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Jobs are there, but not in Oregon

Readers' Letters
by: Christopher Onstott, Mitch Besser waits on hold to find out about his unemployment benefit status as his wife Diana organizes the home office. Besser, who was featured in a July 22 Tribune story, worked for a software company that moved its operations to China, laying off most of its Oregon workers.

Interesting, so in this day and age of 'our kids need a college education,' when the trades are being given the short end of the stick, we find that the college jobs are most at risk (Are workers trading down?, July 22).

Funny, if you need your plumbing fixed, I'm not thinking that they will be able to outsource that. If your house needs to be rewired or have a roof put on, I don't see those jobs being shipped to India. But no, we don't want our kids in 'those' blue collar jobs, they need to be college-educated - and what do you get?

While I understand people wanting/needing to stay where they have roots, sometimes you just have to lick your wounds and move on. I find it odd that the fellow with the experience and the masters degree in software (Mitch Besser) can't find a job - somewhere. Probably not in Oregon, but has he tried elsewhere? I've looked at job openings across the United States, and I see openings that sure as heck look to be in his field.

The one thing I can say is that if you are not willing/able to move, then I don't care what you are trained in, you will have a hard time finding a job in Oregon

(Hint, you might want to look at Texas and some of the Southern states - they are weathering the recession much better due to better state rules that welcome business, instead of scaring it like Oregon does).

Michael Wagoner

Hillsboro

Retraining still won't land jobs

'Lake Oswego resident Mitch Besser, 48, lost his job as a software engineer for a Nevada casino company when it shifted operations to Beijing. Now, he hopes the government retraining program will pay him to study bioinformatics at Oregon Health and Science University' (Are workers trading down?, July 22).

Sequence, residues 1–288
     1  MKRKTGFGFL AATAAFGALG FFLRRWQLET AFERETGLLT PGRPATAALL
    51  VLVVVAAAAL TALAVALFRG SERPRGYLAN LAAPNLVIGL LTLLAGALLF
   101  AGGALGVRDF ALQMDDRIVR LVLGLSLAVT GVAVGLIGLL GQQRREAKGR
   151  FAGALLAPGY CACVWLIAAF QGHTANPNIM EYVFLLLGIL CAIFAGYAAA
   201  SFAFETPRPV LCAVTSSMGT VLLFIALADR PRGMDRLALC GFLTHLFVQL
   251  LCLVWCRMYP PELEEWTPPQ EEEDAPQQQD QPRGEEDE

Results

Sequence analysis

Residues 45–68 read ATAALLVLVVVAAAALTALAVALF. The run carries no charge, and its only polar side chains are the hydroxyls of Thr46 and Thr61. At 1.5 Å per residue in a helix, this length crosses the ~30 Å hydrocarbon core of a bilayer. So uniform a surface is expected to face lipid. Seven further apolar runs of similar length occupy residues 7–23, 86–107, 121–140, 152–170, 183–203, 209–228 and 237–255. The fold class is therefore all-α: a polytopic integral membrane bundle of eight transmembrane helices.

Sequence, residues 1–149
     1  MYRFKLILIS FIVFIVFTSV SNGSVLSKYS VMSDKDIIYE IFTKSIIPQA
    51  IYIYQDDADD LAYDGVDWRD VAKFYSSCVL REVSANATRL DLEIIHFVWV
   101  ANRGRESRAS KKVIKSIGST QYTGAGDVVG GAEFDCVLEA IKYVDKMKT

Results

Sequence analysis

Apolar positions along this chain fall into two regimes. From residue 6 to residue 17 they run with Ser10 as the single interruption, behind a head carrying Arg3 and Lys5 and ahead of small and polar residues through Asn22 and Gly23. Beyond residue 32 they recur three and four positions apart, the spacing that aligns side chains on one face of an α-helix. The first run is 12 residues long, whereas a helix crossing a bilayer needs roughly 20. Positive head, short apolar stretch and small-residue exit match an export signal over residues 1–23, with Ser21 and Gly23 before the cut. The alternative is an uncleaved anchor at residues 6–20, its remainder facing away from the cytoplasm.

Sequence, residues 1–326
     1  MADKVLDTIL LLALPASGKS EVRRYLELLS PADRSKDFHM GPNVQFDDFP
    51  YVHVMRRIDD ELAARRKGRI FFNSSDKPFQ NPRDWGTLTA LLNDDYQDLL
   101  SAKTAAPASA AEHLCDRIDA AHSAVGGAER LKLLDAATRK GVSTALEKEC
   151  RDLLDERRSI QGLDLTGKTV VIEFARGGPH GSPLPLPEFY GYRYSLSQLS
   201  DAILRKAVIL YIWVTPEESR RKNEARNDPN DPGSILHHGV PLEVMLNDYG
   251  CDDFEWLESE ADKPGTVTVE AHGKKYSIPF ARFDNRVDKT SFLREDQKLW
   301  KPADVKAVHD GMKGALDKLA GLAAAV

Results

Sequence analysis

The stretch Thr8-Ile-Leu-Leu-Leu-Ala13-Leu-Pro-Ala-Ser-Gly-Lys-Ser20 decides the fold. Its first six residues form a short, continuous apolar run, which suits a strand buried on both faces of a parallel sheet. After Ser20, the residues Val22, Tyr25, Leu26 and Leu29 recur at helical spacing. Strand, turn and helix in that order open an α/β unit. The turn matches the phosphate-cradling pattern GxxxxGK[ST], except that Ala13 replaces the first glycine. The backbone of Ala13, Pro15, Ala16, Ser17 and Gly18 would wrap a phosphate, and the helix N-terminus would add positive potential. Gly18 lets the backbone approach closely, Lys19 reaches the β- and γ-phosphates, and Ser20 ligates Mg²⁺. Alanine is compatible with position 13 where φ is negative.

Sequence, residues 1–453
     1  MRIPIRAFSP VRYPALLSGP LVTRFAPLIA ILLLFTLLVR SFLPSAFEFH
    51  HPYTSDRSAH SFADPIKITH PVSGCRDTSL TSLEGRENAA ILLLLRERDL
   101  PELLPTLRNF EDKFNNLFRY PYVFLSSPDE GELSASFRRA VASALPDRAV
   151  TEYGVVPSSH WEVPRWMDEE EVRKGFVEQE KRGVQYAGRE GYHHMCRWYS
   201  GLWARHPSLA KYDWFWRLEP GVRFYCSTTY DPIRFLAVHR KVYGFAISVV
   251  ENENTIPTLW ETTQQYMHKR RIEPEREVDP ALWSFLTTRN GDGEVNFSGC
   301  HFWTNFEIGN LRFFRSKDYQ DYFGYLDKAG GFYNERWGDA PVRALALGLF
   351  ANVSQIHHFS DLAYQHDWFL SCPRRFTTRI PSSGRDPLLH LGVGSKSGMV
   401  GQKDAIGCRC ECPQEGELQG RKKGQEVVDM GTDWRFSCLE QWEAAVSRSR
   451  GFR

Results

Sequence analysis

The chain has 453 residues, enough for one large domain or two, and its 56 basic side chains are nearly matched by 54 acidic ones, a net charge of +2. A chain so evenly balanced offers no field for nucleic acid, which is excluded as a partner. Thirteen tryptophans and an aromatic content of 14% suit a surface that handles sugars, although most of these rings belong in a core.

I wish him all the luck in the world. I actually paid my own way through and completed my MBI (master's in bioinformatics) at OHSU more than three years ago and have yet to find a job that utilizes my skill set. He might want to do some more research into the field before committing to it, because unless he is a clinician, he has no chance of landing a position.

Oscar Levant

Lake Oswego

Greatest threat is the greed of CEOs

America has become a land where the 'ruling class' of CEOs, CFOs and the like are making more than any time in history, and laughing at the plight of the workers (Are workers trading down?, July 22).

In their gated enclaves and multimillion dollar mansions, there are no problems. What they should realize is that they - and not foreign terrorists - are the greatest threat America faces. Every time a gold or platinum 'parachute' opens for an executive and thousands of ordinary Americans lose their jobs, the anger level will rise.

As we drift toward a Third World status with have and have-nots, the rich will learn it is not so safe to ignore the well-being of those below them. In the next few years, we may find that rampant money-grubbing capitalism may not fare better than the old Soviet-style communism. Unless the perfect storm of greed is brought under control, we cannot long stand.

Dennis Lively

Tualatin

We dug our own economic grave

Let us all move to China, India and Japan, where all those jobs used to be your parents' jobs, before your parents bought their Toyotas and Subarus and sold out your jobs (Are workers trading down?, July 22).

Now, we can all be retrained to be plumbers, or go to work for government unions that will protect us and pay us well. When we all work for some form of government, we will then quit complaining about how onerous and unfair it might be.

Dan Maher

Southeast Portland